- Apr. 22, 2007 -- FLA 12, WSH 6 [9th inn.] @
- May 12, 2007 -- WSH 7, FLA 3 [9th inn.]
- Aug. 19, 2011 -- WSH 8, PHI 4 [9th inn.]
- July 7, 2013 -- WSH 11, SD 7
- Aug. 25, 2015 -- WSH 8, SD 3
- Apr. 19, 2017 -- WSH 14, ATL 4 @
* You can see the list on the brand-new Washington Nationals BIG moments page, which includes lists of the late comebacks and/or blown leads, grand slams, walk-off home runs, "cycles", no-hitters, and shutouts in the history of the team (since 2005). The contents of that page used to be part of the Washington Nationals page.
Zimmerman's walk-off home runs
Zimmerman not only holds the Nationals' record for most number of career walk-off home runs (11), he is only two behind the leader (Jim Thome) among all MLB players in history! I actually did see one of his walk-off homers, on September 6, 2009. (See the blog post next day.) The list below (from MLB.com) was up to date as of last December, and the vast majority of them are either in the Hall of Fame, or are destined be so named in the future:
- 13: Jim Thome
- 12: Jimmie Foxx
- 12: Mickey Mantle
- 12: Stan Musial
- 12: Albert Pujols
- 12: Frank Robinson
- 12: Babe Ruth
- 11: David Ortiz
- 11: Tony Perez
- 11: Ryan Zimmerman
- 10: Dick Allen
- 10: Harold Baines
- 10: Barry Bonds
- 10: Adam Dunn
- 10: Jason Giambi
- 10: Reggie Jackson
- 10: Mike Schmidt
- 10: Sammy Sosa
BOLD FACE denotes players who remained with the same team for their entire career.
- June 18, 2006 (2-run) -- WSH 3, NYY 2 #
- July 4, 2006 (3-run) -- WSH 6, FLA 4 #
- May 12, 2007 (grand slam) -- WSH 7, FLA 3
- March 30, 2008 -- WSH 3, ATL 2 (Nationals Park very 1st game!)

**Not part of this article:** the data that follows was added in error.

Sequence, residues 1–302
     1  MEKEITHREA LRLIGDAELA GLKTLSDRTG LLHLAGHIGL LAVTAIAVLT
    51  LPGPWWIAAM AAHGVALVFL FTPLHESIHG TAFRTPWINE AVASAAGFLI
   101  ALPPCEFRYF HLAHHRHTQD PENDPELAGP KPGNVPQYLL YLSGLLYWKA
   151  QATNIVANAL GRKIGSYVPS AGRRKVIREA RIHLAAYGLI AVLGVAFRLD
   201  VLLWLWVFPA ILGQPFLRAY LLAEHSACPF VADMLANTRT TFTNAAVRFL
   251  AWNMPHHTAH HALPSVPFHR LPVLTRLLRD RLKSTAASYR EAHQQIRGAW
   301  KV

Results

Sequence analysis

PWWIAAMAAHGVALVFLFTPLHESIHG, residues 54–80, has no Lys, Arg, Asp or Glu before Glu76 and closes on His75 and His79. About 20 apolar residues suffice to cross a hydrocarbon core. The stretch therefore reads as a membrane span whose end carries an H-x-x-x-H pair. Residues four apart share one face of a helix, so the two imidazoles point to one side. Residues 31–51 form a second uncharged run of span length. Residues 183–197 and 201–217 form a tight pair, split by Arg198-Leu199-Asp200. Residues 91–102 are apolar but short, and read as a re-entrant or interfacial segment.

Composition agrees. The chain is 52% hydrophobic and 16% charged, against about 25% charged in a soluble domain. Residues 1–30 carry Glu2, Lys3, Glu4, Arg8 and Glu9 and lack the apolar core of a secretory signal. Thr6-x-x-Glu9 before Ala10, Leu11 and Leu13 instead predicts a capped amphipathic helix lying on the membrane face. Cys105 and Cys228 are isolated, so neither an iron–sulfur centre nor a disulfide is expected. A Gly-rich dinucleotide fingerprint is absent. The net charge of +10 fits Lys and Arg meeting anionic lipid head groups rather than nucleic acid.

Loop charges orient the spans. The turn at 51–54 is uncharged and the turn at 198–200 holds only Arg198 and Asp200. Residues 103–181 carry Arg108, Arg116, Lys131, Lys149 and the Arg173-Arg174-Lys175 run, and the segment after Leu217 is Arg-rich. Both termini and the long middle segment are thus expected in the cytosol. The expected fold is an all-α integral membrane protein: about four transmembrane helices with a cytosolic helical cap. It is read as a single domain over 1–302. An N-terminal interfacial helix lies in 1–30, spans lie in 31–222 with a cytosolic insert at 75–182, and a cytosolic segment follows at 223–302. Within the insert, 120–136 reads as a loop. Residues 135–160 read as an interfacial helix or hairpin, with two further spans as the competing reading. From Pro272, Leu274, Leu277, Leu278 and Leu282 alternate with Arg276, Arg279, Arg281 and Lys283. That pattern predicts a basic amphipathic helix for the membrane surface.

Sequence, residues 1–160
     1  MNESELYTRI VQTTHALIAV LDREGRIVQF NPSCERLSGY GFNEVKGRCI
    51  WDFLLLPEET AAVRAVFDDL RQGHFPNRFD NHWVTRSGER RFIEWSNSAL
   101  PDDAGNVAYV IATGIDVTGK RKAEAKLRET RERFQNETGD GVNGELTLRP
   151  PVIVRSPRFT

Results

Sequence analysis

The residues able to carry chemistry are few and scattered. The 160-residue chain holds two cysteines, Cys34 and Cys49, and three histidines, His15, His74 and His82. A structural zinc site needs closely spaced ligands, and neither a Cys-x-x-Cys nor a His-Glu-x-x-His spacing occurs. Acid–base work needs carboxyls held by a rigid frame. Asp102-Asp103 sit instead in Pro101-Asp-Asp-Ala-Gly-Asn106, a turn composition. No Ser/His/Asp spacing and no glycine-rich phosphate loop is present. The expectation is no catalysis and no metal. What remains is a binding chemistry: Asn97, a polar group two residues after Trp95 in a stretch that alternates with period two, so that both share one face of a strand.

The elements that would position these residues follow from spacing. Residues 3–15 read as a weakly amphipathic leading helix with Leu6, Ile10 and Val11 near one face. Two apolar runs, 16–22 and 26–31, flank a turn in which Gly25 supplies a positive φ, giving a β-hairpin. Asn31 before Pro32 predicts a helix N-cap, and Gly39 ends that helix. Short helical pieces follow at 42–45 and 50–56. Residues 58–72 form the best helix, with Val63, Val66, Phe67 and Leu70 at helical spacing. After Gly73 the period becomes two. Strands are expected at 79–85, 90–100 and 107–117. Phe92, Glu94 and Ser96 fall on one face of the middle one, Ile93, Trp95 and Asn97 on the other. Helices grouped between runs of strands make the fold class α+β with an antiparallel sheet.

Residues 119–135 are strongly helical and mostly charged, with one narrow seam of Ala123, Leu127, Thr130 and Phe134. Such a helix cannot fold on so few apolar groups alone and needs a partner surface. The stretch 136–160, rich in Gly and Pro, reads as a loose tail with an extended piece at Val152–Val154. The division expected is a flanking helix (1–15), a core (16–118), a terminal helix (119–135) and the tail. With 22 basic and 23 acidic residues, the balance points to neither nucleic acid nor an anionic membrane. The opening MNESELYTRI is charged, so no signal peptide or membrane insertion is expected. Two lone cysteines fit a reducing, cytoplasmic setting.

- September 6, 2009 (2-run) -- WSH 6, FLA 4 (I was there!)
- July 6, 2010 ; WSH 6, SD 5
- July 31, 2010 ; #
- August 19, 2011 (grand slam) -- WSH 8, PHI 4
- July 26, 2013 -- WSH 2, NYM 1 (2nd game of double-header)
- May 19, 2015 (2-run) -- WSH 8, NYY 6 (10 inn.)
- August 22, 2018 (2-run) -- WSH 8, PHI 7 #
# : overcame score deficit, turning defeat into victory.
Zimmerman's career stats
Because all information about players were taken down from the MLB website and mobile apps during the lockdown, there was no way to track Zimmerman's lifetime performance statistics [during the off-season]. Zimmerman came in second place in voting for Rookie of the Year in 2006, just behind Hanley Ramirez of the Florida Marlins in the voting; it was the "the closest NL vote since 1980." (See November 13, 2006.) He won the National League Golden Glove [for third basemen in 2009, consistently excelling on defense. Zimmerman won also the NL Silver Slugger Award for third basemen in 2009, and repeated that accomplishment in 2010. He was named to the National League All-Star team in 2009 and in 2017. As a reflection of his repeated injuries, unfortunately, his cumulative career numbers are not up to the standards expected of Hall of Fame members.]
For all of the cumulative statistical measurements above except for walks, Zimmerman ranks #1 all-time among Nationals and Expos players, as indicated by a pale orange background. He ranks #2 in walks. He also ranks #1 in all-time strikeouts, with 1,384.
[ Congratulations on a wonderful career, and thank you, Ryan!
You will always be "Mr. National"! ]